• have satisfactorily completed PGY1 and be in PGY2 or later; and
  • be willing to consent to a full criminal history check, including submission of relevant documentation on request, to enable this to be undertaken.

All generic eligibility requirements must be completed prior to the closing of registration for selection in the year of application. A detailed list of the specific eligibility criteria for each specialty is provided on the college website.

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Trainee Assessment

SET trainees complete rotations in approved surgical training hospitals. In addition, all trainees must complete the Australian and New Zealand Surgical Skills Education and Training (ASSET) course, the Early Management of Severe Trauma (EMST) course, and the Care of the Critically Ill Surgical Patient (CCrISP) course. Early assessment requirements include generic and specialtyspecific basic sciences examinations and generic clinical examinations.

Trainees in SET1 are appointed by the employing hospital at the level that the hospital deems appropriate. The trainees perform clinical rotations in units designated by the specialty in which they are selected as providing career aligned requirements. During this period, there is an increased focus on workplace competency assessment and in-training assessment.

Throughout SET2–6, there are some variations in the assessment requirements between specialties. However, all trainees are required to achieve satisfactory performance in every six-month clinical rotation and must successfully complete the fellowship examination before being awarded fellowship of the college.

Overseas Trained Specialists

The processes for assessing the suitability of overseas trained doctors for practice as surgeons in Australia are in accordance with the principles outlined in the:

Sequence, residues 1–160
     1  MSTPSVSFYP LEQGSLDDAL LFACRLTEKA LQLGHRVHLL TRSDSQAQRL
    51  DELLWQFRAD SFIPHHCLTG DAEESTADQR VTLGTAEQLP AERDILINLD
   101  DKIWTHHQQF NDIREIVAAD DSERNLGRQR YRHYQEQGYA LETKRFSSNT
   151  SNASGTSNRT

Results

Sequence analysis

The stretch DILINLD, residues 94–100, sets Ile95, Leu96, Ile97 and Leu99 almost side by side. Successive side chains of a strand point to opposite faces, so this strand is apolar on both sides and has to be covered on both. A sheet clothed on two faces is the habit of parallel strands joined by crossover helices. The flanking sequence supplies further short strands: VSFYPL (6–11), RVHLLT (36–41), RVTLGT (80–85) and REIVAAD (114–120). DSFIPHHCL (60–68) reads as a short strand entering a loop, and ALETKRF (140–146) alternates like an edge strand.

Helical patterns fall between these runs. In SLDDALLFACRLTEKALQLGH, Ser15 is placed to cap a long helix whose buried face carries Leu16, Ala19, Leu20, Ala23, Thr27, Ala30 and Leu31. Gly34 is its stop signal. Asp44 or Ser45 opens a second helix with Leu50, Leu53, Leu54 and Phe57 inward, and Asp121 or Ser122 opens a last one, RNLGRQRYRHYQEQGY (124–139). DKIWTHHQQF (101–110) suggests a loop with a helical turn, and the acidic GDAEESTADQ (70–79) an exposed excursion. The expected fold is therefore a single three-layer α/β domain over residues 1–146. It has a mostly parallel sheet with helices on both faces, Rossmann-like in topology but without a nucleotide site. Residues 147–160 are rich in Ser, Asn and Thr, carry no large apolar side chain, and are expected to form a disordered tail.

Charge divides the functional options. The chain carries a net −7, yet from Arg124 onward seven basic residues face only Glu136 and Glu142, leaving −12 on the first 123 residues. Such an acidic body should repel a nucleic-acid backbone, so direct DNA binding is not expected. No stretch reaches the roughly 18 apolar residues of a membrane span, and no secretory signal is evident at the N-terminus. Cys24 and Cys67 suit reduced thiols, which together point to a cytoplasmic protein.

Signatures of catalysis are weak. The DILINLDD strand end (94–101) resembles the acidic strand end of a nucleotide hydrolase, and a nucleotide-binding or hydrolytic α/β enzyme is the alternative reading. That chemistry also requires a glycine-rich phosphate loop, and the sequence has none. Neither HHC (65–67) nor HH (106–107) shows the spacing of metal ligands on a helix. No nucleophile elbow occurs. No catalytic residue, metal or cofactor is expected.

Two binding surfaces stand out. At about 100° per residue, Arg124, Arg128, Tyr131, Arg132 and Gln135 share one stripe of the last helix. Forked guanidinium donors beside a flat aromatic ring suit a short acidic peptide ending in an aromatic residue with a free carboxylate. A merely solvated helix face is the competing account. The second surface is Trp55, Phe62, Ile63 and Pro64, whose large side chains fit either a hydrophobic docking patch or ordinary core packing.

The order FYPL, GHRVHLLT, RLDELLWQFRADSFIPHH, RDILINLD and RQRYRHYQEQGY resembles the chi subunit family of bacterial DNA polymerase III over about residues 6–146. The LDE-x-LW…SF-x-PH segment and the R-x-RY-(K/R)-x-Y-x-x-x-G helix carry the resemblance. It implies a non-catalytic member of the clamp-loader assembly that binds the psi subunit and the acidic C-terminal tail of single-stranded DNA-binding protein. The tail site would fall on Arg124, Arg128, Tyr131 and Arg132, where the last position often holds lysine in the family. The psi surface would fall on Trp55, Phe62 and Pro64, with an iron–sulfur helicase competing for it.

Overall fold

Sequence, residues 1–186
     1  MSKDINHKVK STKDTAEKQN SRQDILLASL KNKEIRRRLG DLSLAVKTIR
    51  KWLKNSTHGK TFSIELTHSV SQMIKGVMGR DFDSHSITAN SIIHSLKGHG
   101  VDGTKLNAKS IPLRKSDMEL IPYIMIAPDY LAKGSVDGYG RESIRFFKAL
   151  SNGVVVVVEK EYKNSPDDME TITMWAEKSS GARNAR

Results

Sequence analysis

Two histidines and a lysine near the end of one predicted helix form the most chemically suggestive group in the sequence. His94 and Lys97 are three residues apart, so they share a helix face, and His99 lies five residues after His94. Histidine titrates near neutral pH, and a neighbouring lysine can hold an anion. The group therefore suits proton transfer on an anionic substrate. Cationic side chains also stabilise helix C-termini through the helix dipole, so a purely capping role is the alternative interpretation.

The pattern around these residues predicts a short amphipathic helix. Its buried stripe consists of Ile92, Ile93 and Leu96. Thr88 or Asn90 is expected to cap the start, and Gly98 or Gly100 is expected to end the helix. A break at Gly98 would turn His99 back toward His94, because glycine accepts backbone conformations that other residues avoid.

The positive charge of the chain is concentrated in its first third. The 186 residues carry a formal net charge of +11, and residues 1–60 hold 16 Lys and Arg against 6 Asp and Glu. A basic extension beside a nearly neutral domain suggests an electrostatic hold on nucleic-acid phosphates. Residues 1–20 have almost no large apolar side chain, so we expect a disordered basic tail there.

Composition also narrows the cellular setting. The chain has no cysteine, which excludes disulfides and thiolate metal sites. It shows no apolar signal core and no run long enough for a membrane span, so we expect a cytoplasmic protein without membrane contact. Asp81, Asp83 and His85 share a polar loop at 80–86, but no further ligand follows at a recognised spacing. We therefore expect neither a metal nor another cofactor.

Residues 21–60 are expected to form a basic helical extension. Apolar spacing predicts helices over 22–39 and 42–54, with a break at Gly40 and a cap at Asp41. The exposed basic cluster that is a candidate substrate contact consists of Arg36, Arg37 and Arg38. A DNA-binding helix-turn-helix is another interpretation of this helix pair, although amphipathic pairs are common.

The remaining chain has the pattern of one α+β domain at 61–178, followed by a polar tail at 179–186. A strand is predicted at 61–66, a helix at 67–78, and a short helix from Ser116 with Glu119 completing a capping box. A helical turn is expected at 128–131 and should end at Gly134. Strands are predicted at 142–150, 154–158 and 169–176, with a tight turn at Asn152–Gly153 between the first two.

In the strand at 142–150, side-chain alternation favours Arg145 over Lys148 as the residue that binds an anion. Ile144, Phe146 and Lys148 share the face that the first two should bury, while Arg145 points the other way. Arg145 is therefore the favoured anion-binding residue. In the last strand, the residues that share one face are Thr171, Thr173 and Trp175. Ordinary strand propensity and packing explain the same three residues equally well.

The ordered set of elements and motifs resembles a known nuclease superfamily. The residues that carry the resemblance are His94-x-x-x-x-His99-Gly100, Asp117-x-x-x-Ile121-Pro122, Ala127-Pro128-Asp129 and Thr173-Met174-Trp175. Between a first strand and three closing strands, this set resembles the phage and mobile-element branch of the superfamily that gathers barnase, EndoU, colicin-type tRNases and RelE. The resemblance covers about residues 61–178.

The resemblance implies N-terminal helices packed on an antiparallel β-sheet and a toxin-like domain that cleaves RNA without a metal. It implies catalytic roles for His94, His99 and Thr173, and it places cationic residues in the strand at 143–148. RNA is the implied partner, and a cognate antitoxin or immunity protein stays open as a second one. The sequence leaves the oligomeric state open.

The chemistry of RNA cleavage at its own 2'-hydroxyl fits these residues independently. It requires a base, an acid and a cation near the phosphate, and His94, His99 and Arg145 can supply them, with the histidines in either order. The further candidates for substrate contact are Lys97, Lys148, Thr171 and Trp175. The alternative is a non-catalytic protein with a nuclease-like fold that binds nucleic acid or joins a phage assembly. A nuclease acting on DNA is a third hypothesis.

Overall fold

• AMC application procedures and requirements for specialist assessment;
  • AMC/Committee of Presidents of Medical Colleges (CPMC)/state and territory medical boards/Australian Government Department of Health and Ageing/state and territory health departments’ Assessment Process for Area of Need specialists: User’s Guide; and
  • AMC/CPMC Joint Standing Committee on Overseas Trained Specialists (JSCOTS) Assessment of Overseas Trained Specialists: Template for Colleges.

The college aims to assess an OTS (referred to by the College as an International Medical Graduate or IMG) within three months of the receipt of a complete application. Interviews are currently undertaken six times per year; in February, April, June, August, October and December.

The specialist assessment of the OTS focuses on education, training, quality, quantity and scope of clinical experience, level of formal assessment including specialist qualifications in surgery, recency of relevant practice and relevant professional skills and attributes in order to determine substantial comparability with Australian standards. The elements of such a test of substantial comparability are that the doctor has an acceptable overseas qualification, acceptable competency according to the RACS list of competencies and acceptable recency and currency of surgical practice.